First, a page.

Our lunch was delicious – literally the best tomato soup I’ve ever had. The Hubs tried a quiche with salad and said it was quite good as well. The Summer House lemonade we discovered here was so good I had to get another before we left so I could enjoy it on the road.
Plus the lovely fresh blooms on the table made everything even better.
And that cupcake…. yeah it was fantastic as well. I wish I’d asked for the recipe!
After eating we toured the grounds where I spotted numerous items I’d love to have carted home to my garden!
This metal fire stand was exactly like the ones I’d seen at several of the castles we’d toured and I literally drooled envisioning it filled with trailing flowers in my yard. It honestly hurt to walk away from it knowing it was too big to take home.
Inside the green house I discovered another amazing seating area, perfect for groups and fun parties. There were several table setups throughout the green house, each surrounded by the lush plants.
This bank of cosmos brought so much color and fragrance to this little area and I was thrilled to see several other varieties of flowers like this dahlia still blooming so late in the season.
I wandered the paths of the green house noting how they had the plants arranged in various ways throughout the space, including a growing wall which seemed to be doing quite well.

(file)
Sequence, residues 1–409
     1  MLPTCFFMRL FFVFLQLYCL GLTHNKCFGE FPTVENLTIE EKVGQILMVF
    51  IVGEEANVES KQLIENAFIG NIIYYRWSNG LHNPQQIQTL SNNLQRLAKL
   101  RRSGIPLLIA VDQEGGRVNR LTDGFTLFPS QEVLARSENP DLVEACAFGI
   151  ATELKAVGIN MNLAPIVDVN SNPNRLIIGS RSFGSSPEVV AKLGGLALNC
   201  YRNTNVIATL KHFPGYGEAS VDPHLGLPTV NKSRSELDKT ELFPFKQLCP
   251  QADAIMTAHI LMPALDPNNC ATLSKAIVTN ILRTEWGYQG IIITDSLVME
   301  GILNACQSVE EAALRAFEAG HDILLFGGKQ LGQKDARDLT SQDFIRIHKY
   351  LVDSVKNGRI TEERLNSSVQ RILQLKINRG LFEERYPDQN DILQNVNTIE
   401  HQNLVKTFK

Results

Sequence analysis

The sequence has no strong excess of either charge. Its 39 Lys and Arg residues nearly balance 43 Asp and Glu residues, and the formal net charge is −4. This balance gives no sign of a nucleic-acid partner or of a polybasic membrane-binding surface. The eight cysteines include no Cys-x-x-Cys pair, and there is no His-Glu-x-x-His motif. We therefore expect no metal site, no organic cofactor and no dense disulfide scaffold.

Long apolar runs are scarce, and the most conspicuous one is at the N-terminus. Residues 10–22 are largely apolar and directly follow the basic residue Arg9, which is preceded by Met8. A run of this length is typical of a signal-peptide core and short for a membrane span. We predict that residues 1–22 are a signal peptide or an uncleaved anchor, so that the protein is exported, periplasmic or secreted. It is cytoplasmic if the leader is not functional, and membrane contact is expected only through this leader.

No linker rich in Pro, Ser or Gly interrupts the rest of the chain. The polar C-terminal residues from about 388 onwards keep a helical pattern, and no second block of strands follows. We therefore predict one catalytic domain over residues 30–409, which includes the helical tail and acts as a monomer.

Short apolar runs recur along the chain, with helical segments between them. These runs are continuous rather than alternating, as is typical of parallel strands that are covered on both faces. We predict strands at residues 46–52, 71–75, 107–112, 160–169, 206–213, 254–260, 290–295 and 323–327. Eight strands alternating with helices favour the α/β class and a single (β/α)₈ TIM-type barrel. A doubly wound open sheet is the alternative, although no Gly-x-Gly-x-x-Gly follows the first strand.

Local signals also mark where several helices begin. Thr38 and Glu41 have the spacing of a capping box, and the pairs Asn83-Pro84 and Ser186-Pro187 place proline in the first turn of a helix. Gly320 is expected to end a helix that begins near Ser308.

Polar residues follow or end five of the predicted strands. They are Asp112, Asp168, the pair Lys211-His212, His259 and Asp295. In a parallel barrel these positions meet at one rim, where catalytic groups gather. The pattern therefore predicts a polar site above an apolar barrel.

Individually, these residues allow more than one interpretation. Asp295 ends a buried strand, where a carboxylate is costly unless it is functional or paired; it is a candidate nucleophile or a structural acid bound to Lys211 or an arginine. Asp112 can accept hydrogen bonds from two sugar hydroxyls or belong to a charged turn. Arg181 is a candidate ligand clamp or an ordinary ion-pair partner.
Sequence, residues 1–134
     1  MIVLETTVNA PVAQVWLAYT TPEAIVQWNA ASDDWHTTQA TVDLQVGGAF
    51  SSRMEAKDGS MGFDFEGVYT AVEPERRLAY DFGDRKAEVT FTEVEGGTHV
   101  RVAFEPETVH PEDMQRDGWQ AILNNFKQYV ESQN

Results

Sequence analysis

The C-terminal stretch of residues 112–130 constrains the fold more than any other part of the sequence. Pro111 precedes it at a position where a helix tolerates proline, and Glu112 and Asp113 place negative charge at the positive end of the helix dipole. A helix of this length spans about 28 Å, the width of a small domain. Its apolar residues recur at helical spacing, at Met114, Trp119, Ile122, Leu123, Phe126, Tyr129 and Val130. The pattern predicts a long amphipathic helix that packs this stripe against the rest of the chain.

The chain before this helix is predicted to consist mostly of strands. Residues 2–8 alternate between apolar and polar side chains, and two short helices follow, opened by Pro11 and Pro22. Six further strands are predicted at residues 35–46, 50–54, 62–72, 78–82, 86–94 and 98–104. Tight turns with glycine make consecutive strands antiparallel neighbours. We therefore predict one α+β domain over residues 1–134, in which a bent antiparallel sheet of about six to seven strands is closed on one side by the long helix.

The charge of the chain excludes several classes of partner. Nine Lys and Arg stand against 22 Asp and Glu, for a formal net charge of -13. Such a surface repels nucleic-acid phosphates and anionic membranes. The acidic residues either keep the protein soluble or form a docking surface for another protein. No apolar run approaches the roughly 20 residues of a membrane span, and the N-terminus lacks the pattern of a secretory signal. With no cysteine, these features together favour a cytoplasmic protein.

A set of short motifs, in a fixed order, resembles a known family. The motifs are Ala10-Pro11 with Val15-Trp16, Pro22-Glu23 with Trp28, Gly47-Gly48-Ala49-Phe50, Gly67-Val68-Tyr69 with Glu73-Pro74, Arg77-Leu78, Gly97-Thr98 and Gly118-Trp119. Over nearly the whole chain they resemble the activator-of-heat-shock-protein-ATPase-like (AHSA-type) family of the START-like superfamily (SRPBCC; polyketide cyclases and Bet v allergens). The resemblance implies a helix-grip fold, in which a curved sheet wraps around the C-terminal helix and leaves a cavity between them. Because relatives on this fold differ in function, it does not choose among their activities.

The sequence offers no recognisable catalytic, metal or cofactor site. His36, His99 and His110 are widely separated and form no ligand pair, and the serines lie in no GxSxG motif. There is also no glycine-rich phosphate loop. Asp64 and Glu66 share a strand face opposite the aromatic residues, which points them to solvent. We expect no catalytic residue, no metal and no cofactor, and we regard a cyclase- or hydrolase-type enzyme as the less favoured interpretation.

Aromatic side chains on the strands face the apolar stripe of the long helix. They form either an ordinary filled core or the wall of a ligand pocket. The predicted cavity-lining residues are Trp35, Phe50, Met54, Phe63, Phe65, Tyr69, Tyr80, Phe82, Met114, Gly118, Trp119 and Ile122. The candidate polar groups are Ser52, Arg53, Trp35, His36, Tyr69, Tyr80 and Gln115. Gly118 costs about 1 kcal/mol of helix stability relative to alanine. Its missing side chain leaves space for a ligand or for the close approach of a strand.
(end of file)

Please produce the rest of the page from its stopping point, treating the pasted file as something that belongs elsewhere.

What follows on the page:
I also spotted several wicker forms around the green house that added a bit of whimsy and charm to the setting. I may try to recreate the triangular design to act as supports for my taller flowers this summer.
Behind the green house was another courtyard space. This one was bordered by raised beds and a lovely wicker style trellis. I’d love to create something similar to this when I develop the lower area of our yard in the next year or two!
There was also this interesting little guest house, created from a large tank. Dubbed “The Tub” it fit the setting perfectly and was a fun way to reuse material into something functional beyond it’s intended purpose.
The building behind The Tub is the herb drying room where they preserve herbs and flowers which are then used within the café and for sale in the shop in the form of herbal teas and other products. This space is also is used as an educational classroom with courses on various subjects including growing herbs, bee keeping, candle making, foraging as well as Festive and seasonal courses. I was quite bummed that I wasn’t able to attend any of those activities while visiting. Further out was another garden space with rows of a variety of flowers and herbs. This space also featured some unique garden art!
These gigantic thistles were a bout the size of my fist. I asked the guys in the shop about them but they didn’t know any of the specifics about them – so if anyone reading does, I’d love to learn more!
Heading back toward the shop I spotted these graduated retaining walls and thought it was a great simple design. I may incorporate something like this when I develop that lower area of the yard as well.
The last sight at this location was the owner’s home, which was still being landscaped but was absolutely charming. It looks like it could have been on Fixer Upper and was a perfect fit for this country setting.
Full from lunch we headed toward our next destination in Cumbria, northern England. Check out our other Scotland adventures:
And our travels through Iceland on the same trip with Day 1, Day 2, Day 3 and Day 4.